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Green Mortgages Explained

Changes to green mortgages being considered by the UK government mean lenders will need to disclose the energy performance of the homes they lend on in England and Wales. But what are the implications for home buyers and home sellers? We take a look…

green mortgages

In the Government’s Heat and Buildings Strategy published in autumn 2021, the government reiterated proposals that it consulted on earlier this year, which would require mortgage lenders to disclose the energy performance of their mortgage portfolios.

It proposed setting ‘voluntary improvement targets’ for lenders to reach an average of Energy Performance Certificate band C across their mortgage portfolios by 2030. And this target may be made mandatory if ‘insufficient progress’ is made, it added.

As it stands, an energy performance certificate is required when a home is built, rented or sold. The most energy-efficient homes are rated A and the least efficient rated G. Currently, only 40% of houses have a C rating or higher.

And in order to help reach the target, the government wants more lenders to offer green mortgages. These incentivise borrowers to make energy efficient upgrades to their homes. The plan is part of the wider government strategy to make sure the UK meets its target to reduce emissions by 70% on 1990 levels by the end of the decade, on a path to net zero by 2050.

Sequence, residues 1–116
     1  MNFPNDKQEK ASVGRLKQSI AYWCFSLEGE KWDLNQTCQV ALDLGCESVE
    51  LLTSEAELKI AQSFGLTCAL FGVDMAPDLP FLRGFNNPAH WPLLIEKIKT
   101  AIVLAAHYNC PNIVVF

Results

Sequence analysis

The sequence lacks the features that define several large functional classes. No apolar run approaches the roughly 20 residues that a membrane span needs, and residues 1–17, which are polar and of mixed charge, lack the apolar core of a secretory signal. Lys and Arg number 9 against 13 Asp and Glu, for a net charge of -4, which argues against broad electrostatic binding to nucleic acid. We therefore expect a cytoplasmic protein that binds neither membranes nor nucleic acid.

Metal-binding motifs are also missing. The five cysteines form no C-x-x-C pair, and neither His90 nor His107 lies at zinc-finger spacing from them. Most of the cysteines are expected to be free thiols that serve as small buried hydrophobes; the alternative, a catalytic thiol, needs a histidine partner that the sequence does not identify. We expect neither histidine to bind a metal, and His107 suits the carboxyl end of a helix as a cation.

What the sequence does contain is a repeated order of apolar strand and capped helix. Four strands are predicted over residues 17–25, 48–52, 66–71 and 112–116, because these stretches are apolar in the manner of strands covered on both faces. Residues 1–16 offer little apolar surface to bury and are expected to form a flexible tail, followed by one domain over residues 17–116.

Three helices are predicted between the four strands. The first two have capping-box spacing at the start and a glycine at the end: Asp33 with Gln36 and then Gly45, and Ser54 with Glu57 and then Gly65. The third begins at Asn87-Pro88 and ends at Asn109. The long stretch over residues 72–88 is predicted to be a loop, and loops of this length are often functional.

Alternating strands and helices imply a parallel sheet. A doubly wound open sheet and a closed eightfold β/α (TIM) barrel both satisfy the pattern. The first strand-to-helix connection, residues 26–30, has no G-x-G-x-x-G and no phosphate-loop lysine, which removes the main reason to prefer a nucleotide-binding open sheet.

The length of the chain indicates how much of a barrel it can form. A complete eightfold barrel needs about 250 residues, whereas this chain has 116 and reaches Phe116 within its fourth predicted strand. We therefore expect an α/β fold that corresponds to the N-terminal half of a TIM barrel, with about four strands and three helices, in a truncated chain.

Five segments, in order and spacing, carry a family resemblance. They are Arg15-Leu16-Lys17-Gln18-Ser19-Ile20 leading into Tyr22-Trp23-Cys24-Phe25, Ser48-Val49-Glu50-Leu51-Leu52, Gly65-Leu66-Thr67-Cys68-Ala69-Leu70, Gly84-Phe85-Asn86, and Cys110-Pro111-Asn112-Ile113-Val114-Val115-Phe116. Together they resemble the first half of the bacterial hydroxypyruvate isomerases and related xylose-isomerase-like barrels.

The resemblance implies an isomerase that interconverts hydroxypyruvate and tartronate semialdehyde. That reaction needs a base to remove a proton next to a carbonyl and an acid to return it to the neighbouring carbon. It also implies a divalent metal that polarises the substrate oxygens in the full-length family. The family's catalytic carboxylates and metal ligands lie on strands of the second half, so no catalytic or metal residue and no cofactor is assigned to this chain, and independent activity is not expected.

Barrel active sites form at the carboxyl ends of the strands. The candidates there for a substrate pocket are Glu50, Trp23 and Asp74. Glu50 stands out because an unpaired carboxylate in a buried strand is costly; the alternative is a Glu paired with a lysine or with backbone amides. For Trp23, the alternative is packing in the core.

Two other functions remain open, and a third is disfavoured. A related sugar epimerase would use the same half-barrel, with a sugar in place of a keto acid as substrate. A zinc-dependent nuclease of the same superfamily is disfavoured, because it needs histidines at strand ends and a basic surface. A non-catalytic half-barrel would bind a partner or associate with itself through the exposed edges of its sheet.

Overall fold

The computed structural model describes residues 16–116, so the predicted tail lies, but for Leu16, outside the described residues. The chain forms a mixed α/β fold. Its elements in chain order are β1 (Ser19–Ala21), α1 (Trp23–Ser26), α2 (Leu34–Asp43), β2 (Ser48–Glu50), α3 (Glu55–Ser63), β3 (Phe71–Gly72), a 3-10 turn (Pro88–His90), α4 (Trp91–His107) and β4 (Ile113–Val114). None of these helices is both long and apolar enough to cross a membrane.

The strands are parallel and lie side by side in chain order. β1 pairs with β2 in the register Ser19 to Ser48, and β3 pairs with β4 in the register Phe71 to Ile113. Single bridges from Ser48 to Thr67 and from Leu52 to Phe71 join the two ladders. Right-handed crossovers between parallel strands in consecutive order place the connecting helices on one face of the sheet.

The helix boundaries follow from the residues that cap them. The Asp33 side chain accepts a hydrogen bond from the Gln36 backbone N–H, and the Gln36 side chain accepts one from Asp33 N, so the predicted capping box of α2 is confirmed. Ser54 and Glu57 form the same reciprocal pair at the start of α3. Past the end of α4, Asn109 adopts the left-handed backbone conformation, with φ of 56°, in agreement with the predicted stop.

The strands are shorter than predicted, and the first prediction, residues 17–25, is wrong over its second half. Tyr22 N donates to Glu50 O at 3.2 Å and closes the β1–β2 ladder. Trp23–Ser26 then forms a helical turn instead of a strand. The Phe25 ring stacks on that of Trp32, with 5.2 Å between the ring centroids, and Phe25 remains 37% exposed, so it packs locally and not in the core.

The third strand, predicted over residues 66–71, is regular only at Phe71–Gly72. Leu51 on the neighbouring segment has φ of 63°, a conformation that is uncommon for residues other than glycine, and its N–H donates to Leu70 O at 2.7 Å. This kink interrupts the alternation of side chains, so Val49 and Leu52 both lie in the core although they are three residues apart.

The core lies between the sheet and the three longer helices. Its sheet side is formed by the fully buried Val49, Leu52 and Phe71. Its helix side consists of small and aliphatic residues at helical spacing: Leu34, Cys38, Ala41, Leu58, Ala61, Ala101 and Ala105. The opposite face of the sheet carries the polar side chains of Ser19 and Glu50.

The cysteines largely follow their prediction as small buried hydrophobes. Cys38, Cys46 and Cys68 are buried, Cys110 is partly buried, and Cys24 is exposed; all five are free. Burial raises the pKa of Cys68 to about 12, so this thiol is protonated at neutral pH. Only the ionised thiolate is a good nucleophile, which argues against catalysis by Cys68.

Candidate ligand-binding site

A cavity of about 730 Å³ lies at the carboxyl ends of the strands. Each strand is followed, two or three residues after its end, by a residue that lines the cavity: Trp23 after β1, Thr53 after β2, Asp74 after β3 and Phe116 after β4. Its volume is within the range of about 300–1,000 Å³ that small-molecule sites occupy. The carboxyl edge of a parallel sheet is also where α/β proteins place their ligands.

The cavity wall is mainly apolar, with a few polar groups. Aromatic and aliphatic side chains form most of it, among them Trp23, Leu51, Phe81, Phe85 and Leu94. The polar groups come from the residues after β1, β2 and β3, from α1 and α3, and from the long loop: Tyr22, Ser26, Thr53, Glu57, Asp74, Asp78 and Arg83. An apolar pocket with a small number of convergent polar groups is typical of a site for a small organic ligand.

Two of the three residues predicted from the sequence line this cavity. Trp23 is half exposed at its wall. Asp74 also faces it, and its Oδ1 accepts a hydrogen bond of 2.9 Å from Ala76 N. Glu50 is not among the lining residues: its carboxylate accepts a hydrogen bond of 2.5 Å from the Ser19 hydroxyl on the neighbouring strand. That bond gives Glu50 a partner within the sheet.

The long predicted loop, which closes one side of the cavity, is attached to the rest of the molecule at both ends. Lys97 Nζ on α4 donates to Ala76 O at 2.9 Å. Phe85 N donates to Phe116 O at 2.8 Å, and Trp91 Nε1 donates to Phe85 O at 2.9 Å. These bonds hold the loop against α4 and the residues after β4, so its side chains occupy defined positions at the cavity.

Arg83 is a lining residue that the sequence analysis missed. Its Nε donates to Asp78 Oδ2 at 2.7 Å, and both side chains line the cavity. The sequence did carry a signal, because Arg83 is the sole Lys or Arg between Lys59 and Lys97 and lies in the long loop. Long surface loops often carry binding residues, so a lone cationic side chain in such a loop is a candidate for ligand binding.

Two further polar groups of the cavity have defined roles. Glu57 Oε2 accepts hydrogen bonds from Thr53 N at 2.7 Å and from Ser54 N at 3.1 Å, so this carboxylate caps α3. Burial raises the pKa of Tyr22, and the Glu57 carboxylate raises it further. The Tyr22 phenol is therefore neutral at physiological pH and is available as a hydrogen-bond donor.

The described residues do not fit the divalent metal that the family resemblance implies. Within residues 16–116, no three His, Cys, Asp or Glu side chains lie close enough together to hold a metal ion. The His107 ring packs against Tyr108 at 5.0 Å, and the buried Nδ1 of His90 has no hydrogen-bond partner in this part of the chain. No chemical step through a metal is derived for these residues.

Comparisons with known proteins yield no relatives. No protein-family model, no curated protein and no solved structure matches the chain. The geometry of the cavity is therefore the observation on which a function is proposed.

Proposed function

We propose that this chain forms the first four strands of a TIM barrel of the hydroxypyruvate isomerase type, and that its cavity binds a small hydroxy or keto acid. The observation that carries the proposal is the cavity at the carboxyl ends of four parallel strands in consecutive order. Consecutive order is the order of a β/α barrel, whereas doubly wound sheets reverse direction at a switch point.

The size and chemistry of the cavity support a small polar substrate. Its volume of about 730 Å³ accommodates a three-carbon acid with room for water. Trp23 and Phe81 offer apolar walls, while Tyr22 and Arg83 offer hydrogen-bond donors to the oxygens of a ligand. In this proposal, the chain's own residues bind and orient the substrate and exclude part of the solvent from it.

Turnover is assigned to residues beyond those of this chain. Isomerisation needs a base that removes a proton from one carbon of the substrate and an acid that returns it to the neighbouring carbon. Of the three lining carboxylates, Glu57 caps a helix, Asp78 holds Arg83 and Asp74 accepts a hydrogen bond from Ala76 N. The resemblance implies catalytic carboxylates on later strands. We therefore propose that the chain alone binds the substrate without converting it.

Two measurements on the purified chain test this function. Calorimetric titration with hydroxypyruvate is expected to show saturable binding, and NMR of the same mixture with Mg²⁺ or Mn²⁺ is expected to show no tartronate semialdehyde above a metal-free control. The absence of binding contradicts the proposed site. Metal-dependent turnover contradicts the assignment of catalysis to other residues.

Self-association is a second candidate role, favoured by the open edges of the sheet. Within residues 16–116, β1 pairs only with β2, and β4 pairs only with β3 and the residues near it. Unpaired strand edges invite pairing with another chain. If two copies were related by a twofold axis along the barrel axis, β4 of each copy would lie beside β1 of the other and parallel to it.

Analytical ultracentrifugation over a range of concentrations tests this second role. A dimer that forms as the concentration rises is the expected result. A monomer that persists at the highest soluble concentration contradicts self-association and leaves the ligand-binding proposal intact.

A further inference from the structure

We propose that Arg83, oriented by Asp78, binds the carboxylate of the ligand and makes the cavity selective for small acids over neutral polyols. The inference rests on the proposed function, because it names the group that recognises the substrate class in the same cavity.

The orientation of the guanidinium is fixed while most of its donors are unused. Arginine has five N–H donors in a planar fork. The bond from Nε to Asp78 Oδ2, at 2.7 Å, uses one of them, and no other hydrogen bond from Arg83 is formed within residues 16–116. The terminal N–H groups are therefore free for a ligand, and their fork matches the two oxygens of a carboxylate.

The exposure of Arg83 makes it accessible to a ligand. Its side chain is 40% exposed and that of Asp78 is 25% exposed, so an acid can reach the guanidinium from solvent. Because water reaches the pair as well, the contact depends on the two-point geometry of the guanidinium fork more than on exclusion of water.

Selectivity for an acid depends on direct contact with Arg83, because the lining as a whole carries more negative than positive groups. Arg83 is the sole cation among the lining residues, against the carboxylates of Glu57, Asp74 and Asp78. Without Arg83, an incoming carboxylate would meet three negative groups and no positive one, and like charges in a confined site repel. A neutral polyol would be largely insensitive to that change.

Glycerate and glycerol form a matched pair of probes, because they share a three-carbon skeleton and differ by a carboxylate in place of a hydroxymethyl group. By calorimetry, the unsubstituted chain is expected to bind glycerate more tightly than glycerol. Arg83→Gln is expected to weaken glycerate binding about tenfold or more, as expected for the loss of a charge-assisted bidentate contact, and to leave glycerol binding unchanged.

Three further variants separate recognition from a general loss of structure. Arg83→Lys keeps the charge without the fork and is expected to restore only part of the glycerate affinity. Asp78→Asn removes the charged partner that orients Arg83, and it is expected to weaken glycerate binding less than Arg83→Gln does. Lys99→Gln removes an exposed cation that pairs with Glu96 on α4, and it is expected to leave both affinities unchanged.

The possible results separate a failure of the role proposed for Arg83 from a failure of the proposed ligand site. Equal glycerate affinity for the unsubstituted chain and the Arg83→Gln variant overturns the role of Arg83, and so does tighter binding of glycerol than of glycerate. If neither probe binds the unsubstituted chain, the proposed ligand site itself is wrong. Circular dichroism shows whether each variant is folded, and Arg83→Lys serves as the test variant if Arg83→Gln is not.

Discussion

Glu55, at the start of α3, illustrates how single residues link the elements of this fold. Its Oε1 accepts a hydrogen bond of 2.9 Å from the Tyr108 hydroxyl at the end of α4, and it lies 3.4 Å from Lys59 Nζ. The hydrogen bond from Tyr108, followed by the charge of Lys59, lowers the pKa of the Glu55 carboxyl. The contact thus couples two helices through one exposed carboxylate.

What are green mortgages?

Green mortgages reward you for saving energy in your property. Green mortgages already exist with lenders including Barclays, Natwest, Virgin Money and Nationwide.

Some lenders will give you lower interest rates or cashback and larger loans if your home meets a minimum energy-efficiency level. Other lenders will offer lower rates or cashback if you make energy-efficiency improvements. Or if you take out additional borrowing to pay for measures to improve your home’s energy efficiency.

Each lender will have its own terms and conditions for its green mortgages, but lenders generally offer green mortgages on homes with an EPC rating of A or B.

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How will the new proposals for green mortgages work?

Ministers hope that by setting targets for lenders, that they in turn will incentivise homeowners to undertake green improvements when they move into a new home.

However, concerns have been raised that this will discourage banks from lending on less energy-efficient homes. And that this could have a negative impact on some homeowners and buyers, including:

  • Increased costs for buyers: There are concerns buyers may struggle to get a mortgage on homes with a low energy-efficiency rating unless they commit to spending thousands of pounds on home improvements. And that this may hit first time buyers particularly hard.